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Aug 28 2020 - 03:30 PM
Sound of Summer: Education Program 2020

Cousin to the cricket, the cicadas sing in late August in waves among the gingkos. Using their tymbals, they defy even the the most beautiful bluejay, heard, but unseen as of yet in an otherwise quiet, tree-lined street these past summer months. Steady chorus rising, then falling, from the underground they have come, to begin new life in their last few weeks of the season, truly an unprecedented one in New York City. Their chorus is the lovely and sure sign of summer, reminding me of childhood on the shores of Lake Michigan, professional life in the East, and emergence into a new Autumn at Teachers College. We are burrowing out of our shuttered city apartments, called toward safe campus return and the start of a new academic year, and we can marvel at an insect that sets the tone by giving a soothing voice to every tomorrow.

This summer the Gottesman Libraries Education Program focused on remote offerings, placing an emphasis on instructional opportunities, self-directed learning, and curated collections to encourage reading and usage of digital resources.

Beginning in late May we delivered numerous online workshops:

  • Summer Welcome for New Student Orientation (May 21 and May 26), to meet and greet students new to Teachers College
  • Researching from Home: Research A-Z (May 28, July 9), on the basics of research tools and strategies
  • Lit Review (June 10), on how to conduct a through search of the literature for a given topic
  • Show Me the Money (June 16), with tools and tips for grant seeking and writing
  • Children's Literature (June 25), covering resources held and ways of finding them
  • Zotero (June 18, July 2), with advice on using this popular citation management software
  • Mendeley (June 30, July 16), with advice on this alternative citation management tool
  • Special Education (July 22), covering resources in the field and in observance of the 30th anniversary of the Americans with Disabilities Act
  • Cited Searching (July 28), for scholarly leads on authors, titles, and topics
  • Copyright (August 10), for help in understanding basic copyright law, fair usage, and application to education

Each month we highlighted databases to support College events and happenings; month-long observances; or trends in education: Alumni Resources (May, online commencement and lifelong learning), Gender and Education (June, in observance of Pride Month), On Diversity (July, recognizing the importance of racial justice, and Remote Learning (August, to inform current thinking and practice).

Designed by Trisha Barton, Staff Picks were curated monthly to reflect themes of special interest by Library Associates: Isolationist Thinking = Singular Thinking, by Raz Robinson, in response to the global pandemic; Endless Summer, by Annette Mims, thinking of the season; and Visibility on the History of Disability, by Lauren Young, in recognition of the 30th anniversary of ADA.

Everett Cafe online book exhibits related to current affairs, education, and learning environments: Classics of the Harlem Renaissance; Hearing Hoofbeats: On the History and Politics of Pandemics; and Teaching Antiracism, also curated by library staff and designed by Carlie Zhang.

Addressing Today in History, we posted news displays to the Library Blog on a variety of topics relevant to the programs and offerings of the College and/or in keeping with a lighter summer theme. In May we featured Florence Nightingale, American Red Cross, Aaron Douglas; in June, National Doughnut Day, Eulalie Spence, Statue of Liberty, Bicycle Is Patented; July, Battle of Gettysburg, Scopes Trial, Kenneth Bancroft Clark, First Moon Walk, ADA; and August, TC Race Relations Symposium, and Left-Handers Day. These displays complimented blog posts for the transitioned "Daily News from Around the World", drawn from Newseum and typically displayed as front pages in Everett Cafe.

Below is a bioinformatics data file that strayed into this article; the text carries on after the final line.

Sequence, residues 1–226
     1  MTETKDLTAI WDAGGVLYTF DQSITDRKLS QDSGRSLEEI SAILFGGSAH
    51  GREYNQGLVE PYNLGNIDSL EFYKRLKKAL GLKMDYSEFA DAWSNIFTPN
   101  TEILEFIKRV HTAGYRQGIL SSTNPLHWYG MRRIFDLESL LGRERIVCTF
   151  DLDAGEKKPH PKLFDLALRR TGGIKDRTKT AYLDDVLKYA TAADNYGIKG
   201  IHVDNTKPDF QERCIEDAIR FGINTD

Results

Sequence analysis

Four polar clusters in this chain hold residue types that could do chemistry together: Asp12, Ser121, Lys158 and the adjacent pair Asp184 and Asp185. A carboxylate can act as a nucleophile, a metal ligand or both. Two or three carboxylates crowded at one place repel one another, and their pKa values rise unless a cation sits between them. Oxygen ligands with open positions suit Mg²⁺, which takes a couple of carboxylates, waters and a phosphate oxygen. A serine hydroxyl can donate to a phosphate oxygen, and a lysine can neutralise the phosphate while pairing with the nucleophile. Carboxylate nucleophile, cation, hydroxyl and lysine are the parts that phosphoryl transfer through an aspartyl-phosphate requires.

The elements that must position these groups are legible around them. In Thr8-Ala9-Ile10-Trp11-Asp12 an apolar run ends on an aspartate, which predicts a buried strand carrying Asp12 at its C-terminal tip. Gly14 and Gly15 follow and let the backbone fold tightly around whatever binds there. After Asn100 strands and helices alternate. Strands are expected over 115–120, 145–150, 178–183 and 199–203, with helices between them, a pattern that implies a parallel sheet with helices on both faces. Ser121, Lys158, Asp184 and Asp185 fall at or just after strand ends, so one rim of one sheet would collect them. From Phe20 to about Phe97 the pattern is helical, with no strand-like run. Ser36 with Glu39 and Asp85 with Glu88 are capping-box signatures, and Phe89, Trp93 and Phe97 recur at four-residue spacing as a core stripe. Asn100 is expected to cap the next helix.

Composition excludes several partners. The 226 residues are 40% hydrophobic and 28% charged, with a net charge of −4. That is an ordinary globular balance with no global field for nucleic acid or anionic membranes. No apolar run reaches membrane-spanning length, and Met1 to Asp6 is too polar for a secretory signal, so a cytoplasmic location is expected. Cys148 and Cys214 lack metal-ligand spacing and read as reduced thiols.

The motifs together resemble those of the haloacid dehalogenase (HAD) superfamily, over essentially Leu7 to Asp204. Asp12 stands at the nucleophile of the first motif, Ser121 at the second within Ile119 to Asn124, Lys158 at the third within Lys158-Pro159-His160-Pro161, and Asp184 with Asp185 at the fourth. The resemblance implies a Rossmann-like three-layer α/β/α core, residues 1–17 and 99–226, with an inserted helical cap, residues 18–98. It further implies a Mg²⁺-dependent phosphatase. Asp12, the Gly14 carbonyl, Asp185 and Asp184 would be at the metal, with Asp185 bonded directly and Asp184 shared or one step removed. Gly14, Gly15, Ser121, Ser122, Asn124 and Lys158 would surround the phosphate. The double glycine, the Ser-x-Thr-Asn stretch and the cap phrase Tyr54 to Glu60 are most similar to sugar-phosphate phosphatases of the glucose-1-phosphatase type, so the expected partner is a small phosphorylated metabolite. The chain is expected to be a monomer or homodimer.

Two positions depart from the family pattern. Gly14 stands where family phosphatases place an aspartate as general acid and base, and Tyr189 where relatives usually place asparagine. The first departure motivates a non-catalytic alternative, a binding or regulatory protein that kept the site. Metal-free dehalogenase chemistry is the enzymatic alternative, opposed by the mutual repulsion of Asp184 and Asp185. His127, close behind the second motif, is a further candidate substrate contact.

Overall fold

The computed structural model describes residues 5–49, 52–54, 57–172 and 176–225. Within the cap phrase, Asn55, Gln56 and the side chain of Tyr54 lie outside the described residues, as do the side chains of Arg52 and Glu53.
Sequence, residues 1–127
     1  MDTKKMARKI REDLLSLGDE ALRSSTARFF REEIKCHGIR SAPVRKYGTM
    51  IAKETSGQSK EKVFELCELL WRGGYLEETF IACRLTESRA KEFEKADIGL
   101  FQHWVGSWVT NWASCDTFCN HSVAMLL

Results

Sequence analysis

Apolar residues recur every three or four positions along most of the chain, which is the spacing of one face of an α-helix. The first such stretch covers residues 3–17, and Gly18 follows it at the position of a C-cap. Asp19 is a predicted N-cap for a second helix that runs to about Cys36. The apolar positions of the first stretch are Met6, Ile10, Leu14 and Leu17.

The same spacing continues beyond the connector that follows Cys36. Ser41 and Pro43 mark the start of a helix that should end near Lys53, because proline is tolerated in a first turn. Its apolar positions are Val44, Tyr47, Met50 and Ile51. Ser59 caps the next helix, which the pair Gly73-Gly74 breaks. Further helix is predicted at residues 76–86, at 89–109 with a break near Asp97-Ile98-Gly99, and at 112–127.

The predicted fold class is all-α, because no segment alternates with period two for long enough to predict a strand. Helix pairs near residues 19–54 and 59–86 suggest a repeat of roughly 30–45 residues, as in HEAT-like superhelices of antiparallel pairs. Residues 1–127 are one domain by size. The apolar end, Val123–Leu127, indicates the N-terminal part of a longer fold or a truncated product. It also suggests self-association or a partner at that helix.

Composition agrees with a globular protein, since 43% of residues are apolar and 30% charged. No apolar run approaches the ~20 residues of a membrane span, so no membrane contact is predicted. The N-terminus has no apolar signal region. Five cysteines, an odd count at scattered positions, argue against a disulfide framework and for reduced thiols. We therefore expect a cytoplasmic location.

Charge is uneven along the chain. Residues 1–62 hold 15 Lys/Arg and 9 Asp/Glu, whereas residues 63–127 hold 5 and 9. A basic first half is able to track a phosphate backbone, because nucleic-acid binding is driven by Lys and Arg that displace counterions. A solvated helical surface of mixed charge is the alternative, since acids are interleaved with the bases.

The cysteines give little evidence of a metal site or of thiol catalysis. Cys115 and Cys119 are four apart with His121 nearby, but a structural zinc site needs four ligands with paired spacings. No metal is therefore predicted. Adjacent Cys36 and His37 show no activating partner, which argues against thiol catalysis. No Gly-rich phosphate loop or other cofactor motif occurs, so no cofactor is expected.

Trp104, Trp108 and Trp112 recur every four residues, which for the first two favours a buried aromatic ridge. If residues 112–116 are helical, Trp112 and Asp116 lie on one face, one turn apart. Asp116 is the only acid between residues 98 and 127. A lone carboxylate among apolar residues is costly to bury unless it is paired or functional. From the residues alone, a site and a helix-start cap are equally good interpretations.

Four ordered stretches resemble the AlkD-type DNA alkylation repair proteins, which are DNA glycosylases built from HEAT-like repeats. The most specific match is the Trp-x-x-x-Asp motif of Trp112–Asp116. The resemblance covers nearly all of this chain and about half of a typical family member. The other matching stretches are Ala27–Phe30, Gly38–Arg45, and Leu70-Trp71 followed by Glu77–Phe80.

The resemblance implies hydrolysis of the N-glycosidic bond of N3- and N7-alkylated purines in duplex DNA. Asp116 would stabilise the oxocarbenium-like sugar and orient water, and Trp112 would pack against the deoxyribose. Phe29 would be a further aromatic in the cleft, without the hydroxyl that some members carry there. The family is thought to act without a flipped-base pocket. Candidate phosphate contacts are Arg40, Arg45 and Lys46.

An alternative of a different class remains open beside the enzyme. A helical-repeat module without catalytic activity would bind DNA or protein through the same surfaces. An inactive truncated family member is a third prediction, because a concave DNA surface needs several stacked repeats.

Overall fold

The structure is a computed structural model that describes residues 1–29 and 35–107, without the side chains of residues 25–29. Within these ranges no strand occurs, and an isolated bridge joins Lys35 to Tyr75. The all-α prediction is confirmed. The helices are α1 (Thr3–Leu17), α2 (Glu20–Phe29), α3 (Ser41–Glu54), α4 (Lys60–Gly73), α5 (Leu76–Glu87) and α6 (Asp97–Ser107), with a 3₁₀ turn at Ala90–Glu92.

Looking beyond the Education Program, we also addressed needs in library services and resources. We:

  • Adjusted summer hours and scheduling to reflect demand
  • Facilitated book returns to Whittier Hall of Residence, as well as by mail, in coordination with Safety and Security, and TC Residential Life
  • Published a copyright statement, including materials for Course Reserves, in collaboration with faculty and College Counsel
  • Compiled team planning documents for Collection Assessment; Design; Research and Information Services; and Library Technology
  • Submitted a short term, 3-5 year archives plan
  • Implemented a new digital born project, TC COVID 19 Community Archive, with a call for submissions
  • Surveyed needs with Facilities in the basement and subbasement, as per archives, historical, and framed art collections
  • Compiled the 2019-20 Myers Foundation report and addressed 2020-21 plans for acquisitions, conservation, and exhibitions, in coordination with Development and External Affairs
  • Coordinated with the TC Working Group on phased reopening plans for the library and high impact library services (paging and pick up, digital delivery)
  • Continued planning with TC IT and faculty for 2021 implementation of Exlibris products (new integrated library system)
  • Collaborated on a virtual orientation to the Gottesman Libraries for Student Affairs / New Student Orientation
  • Improved the library website, particularly top search, FAQ/ Knowledge Base entries, and made new pages for library services
  • Addressed 2019-20 performance appraisals

P.S. A species dating back a mere 40-200 million years, did you know that the cicada's late life wings represent a feat of natural engineering -- perfectly designed to repel water, kill bacteria, and self clean? Harkening back to school as the country still grapples with pandemic, the ancient insect goes even farther in one's estimation...